It’s new HyDrive by Hitachi-LG.HyDrive landing in August…
Hitachi-LG outed most of the major details for its forthcoming HyDrive last week, but the company just officially took the wraps off the world’s first SSD-equipped laptop optical drive. Frankly, it’s sort of astounding it took this long for such an obvious idea to come to fruition, but now that we’re here, we fully expect other outfits to follow suit.
Put simply, the HyDrive is a standard form factor optical drive (DVD burner or Blu-ray will be available), but there’s a 32GB or 64B SSD (not just a strip of NAND, we’re told) tucked below. When this gets stuffed within a laptop, you’re immediately able to access an optical drive, an SSD (for your operating system and critical launch applications) and a spacious HDD for storing music, media, etc.
Previously, this type of three-drive arrangement was only available in beastly Clevo’s and the like, but this solution is obviously tailor made for even ODD-equipped ultraportables. Another plus to the HyDrive is the integrated Defect Management technology, which essentially caches information from scratched discs (DVDs, namely) in order to play the content back sans jitters.
If all goes well, the first HyDrive will ship in August 2010 (in South Korea; globally in September) within the 102 Series of Moneual HTPCs, though second-generation devices will scale all the way to 256GB. Other future plans are to slim the HyDrive down and possibly shove it within a netbook, set-top box or tablet (yeah, they name dropped the iPad and HP Slate here at their Computex press briefing), and there’s also plans to move from SATA 3Gbps to SATA 6Gbps in due time. Of note, the very first generation will measure in at 12.7mm thick, and we’re told that it won’t fit into most conventional laptops; instead, it’ll be aimed at small form factor (SFF) PCs, HTPCs and other mid-tower desktops. In March 2011, however, Hitachi-LG will be embedding the SSD within the PCB assembly, enabling it to reach a 9.5mm height (and thus, a much larger target market). ASUS has also announced plans to cram the HyDrive into some of its own machines, with the Eee Top all-in-one desktop line getting ’em first and the N61DA laptop getting the slimmer second generation edition.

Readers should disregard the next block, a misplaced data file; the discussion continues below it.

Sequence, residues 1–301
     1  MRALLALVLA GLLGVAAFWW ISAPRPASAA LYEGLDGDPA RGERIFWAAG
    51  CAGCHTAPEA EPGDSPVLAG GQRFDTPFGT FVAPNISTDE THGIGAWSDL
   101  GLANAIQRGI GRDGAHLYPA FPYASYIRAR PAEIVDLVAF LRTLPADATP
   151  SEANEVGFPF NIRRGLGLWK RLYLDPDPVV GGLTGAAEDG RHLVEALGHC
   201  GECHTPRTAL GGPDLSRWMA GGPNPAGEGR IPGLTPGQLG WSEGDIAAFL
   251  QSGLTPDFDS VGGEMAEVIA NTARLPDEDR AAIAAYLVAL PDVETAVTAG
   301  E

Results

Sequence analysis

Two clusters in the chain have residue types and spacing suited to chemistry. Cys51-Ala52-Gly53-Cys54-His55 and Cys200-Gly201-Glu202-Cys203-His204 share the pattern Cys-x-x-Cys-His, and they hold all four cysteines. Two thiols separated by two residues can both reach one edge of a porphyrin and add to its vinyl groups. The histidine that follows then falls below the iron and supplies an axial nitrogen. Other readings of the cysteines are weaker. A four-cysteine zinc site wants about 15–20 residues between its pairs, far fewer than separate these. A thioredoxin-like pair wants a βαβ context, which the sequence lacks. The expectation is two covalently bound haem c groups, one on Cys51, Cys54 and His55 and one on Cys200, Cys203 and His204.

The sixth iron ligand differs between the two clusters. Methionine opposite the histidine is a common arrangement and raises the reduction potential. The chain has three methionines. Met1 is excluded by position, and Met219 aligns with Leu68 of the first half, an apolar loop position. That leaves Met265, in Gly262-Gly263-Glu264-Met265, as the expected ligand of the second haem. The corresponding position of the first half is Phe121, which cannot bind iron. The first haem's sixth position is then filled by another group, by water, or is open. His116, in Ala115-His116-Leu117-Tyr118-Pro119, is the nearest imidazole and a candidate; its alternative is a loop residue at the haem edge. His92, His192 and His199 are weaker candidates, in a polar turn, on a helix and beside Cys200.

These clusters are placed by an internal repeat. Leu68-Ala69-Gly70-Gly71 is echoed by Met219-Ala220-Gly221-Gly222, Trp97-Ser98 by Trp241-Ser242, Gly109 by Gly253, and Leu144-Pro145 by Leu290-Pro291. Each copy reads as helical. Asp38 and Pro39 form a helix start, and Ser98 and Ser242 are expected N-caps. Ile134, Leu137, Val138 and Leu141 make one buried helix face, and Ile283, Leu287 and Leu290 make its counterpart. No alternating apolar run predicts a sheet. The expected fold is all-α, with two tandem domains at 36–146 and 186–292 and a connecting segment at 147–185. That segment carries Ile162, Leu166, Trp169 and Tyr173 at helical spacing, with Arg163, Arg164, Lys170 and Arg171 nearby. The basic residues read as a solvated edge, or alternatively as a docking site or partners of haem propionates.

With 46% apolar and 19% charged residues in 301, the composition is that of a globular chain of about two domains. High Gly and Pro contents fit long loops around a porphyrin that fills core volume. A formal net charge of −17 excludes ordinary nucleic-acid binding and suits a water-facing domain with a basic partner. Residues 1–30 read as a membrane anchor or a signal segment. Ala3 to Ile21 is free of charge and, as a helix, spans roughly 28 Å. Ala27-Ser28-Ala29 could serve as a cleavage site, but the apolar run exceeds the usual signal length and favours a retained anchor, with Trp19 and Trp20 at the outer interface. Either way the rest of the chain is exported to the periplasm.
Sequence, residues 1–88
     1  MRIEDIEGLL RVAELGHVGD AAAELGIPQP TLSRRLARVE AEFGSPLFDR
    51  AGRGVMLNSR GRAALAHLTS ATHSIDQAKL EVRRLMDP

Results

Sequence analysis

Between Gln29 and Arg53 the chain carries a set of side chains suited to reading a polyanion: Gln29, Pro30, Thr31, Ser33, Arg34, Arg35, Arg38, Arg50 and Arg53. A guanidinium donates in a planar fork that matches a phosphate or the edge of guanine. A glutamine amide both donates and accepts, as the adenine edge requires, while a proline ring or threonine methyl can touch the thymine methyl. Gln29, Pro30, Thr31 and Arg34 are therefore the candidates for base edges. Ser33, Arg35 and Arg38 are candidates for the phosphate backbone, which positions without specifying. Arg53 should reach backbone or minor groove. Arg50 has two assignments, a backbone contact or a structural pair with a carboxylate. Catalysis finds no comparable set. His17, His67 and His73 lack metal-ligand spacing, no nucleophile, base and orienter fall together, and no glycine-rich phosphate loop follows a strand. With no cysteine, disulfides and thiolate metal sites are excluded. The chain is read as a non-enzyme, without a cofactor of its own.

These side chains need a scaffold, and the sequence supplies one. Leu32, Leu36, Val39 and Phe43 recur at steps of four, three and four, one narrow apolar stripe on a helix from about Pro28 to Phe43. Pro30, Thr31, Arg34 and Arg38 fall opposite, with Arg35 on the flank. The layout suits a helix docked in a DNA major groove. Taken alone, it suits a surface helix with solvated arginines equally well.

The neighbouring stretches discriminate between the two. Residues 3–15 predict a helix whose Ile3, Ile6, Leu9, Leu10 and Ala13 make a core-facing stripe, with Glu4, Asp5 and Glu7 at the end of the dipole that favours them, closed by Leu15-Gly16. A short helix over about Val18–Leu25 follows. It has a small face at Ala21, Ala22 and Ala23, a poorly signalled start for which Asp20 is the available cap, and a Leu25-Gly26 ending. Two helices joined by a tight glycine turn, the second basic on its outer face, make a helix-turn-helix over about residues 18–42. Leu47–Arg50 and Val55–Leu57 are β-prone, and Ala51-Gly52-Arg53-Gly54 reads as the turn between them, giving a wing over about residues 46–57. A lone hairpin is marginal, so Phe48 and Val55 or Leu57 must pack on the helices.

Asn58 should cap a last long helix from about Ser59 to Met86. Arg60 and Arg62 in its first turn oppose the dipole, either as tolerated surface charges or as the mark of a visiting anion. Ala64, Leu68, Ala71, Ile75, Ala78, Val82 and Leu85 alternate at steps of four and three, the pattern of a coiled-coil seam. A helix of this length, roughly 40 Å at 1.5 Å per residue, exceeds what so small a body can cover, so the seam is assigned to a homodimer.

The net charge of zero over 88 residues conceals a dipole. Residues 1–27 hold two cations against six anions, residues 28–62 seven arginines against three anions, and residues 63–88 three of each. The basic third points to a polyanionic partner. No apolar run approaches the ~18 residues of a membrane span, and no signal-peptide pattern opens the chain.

PC makers will hop onboard here — there’s not likely to be too much of a price hike, and the benefits in terms of overall performance and system flexibility will surely appeal to the technophile crowd. Speaking of MSRPs, the company wouldn’t reveal individual stickers, noting that OEM agreements prevented that kind of disclosure. It did say that an average thin-and-light priced at $649 sans an SSD would likely be priced at $849 with a HyDrive, shedding light on an estimated $200 uptick in price with a lower-level HyDrive in place. We asked if retail sales were being considered, and were told that it was “a possibility” for future years (but it wasn’t going to happen in 2010).
During the Q&A, we also learned that Hitachi-LG wouldn’t be targeting Blu-ray HyDrives within netbooks (expected), but that DVD-equipped versions would be ideal for lower-cost laptops, tablets and slates of the future. In case you’re wondering, both slot-load and tray-style models will eventually ship. Hit the gallery below for a slide-by-slide look at today’s Computex unveiling… if you’re into that type of thing, that is.